WASHINGTON - With the its war effort failing, the U.S. military is planning to elevate Special Operations forces' role in Afghanistan while shifting away from combat to a mission of advising Afghan forces and conducting raids to kill top insurgent leaders, The Washington Post reported Monday.

Initial steps in that direction are likely to take place in the next few months, when the Pentagon is expected to create a new two-star command that would oversee the entire Special Operations effort in Afghanistan, the newspaper said, citing senior American officials.

The new command would be led by Maj. Gen. Tony Thomas, the deputy commander of the military’s Joint Special Operations Command, which oversees the military’s elite counterterrorism forces around the world, the report said.

The new Special Operations command in Afghanistan could eventually take over responsibility for the day-to-day war effort as U.S. troop levels drop in the country and as the United States moves away from its traditional combat role to an effort focused primarily on training and advising Afghan forces.

The plan, which is still being considered, would mark a major change in the war effort, built around big American conventional units working alongside Afghan army and police forces to clear areas of insurgents and reestablish Afghan governance. In many aspects, it resembles a plan advocated by Vice President Joseph Biden in 2009 to focus U.S. efforts on training Afghan forces and killing high-level insurgent leaders.

Biden’s proposal was largely rejected because U.S. military commanders said they needed additional conventional troops to push the Taliban out of major population centers and reverse its momentum.

Defence Secretary Leon Panetta referred in broad terms to some of the changes last week when he said that the United States hopes to end its combat mission in Afghanistan by the middle of next year, more than a year earlier than scheduled.

Although Thomas is expected to go to Afghanistan as early as this summer to lead the new Special Operations command, senior U.S. officials cautioned that there has not been a final decision to send him.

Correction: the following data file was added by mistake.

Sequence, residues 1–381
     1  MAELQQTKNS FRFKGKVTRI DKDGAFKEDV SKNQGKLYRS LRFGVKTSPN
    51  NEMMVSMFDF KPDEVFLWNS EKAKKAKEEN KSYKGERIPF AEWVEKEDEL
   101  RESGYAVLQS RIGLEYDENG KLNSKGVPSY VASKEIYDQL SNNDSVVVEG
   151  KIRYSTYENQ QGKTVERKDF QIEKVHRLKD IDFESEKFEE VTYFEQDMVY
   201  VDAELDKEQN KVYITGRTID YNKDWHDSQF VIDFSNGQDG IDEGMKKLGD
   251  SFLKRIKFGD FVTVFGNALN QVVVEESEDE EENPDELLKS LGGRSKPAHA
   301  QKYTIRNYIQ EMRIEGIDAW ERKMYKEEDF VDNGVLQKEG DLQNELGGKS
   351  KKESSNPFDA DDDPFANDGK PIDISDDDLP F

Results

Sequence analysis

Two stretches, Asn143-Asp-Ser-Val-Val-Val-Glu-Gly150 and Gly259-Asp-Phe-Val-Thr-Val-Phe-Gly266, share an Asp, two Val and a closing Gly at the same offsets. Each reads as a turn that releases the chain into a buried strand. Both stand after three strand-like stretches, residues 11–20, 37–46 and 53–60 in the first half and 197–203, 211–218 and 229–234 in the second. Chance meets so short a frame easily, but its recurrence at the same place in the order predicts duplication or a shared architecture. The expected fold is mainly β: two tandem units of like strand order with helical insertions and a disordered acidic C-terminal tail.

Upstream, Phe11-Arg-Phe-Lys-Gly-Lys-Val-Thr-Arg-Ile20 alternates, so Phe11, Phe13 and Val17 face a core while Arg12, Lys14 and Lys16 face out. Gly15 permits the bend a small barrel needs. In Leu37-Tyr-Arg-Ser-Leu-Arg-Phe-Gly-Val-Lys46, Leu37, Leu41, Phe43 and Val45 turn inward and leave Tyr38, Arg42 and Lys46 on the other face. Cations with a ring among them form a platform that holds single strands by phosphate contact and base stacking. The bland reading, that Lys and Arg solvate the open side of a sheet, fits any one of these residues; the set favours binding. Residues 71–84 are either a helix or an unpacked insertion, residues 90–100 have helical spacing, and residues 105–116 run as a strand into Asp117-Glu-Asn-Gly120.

The next step in the plan, which involves consolidating all NATO military daily operations of the war under a command led by a Special Operations officer, is still the subject of broad debate in the Pentagon and White House, U.S. officials said.

The move to shift more of the war effort in Afghanistan to Special Operations units was first reported online Saturday by the New York Times on Sunday.

There is still broad debate within the military and the White House over how quickly the United States can shift away from its combat mission and turn over primary responsibility for security to Afghan forces that are still weak.

Although Panetta said the United States hopes to end its combat mission in Afghanistan by mid-2013, in some parts of eastern Afghanistan, conventional U.S. units could still be involved in heavy combat through 2014 and even into 2015, according to senior military officials in Washington and Kabul.

The Obama administration has said it will bring home about 22,000 troops by September, cutting the overall size of the American force to 68,000. There will be heavy pressure on military commanders to continue the troop reductions into 2013, the Post said.

Currently, the Afghan forces partner with similarly sized U.S. units in areas where the fighting is heaviest. U.S. forces patrol regularly alongside Afghan units and take a leading role when insurgents launch attacks.

As American troop levels drop, U.S. commanders will by necessity have to rely more heavily on Afghan units to operate with minimal support from big, conventional Army and Marine units.

Senior military officials said they will begin pairing up small, U.S.-led advisory teams with the more capable Afghan forces this spring. The full complement of U.S. advisory teams should be in place by early 2013, according to the report.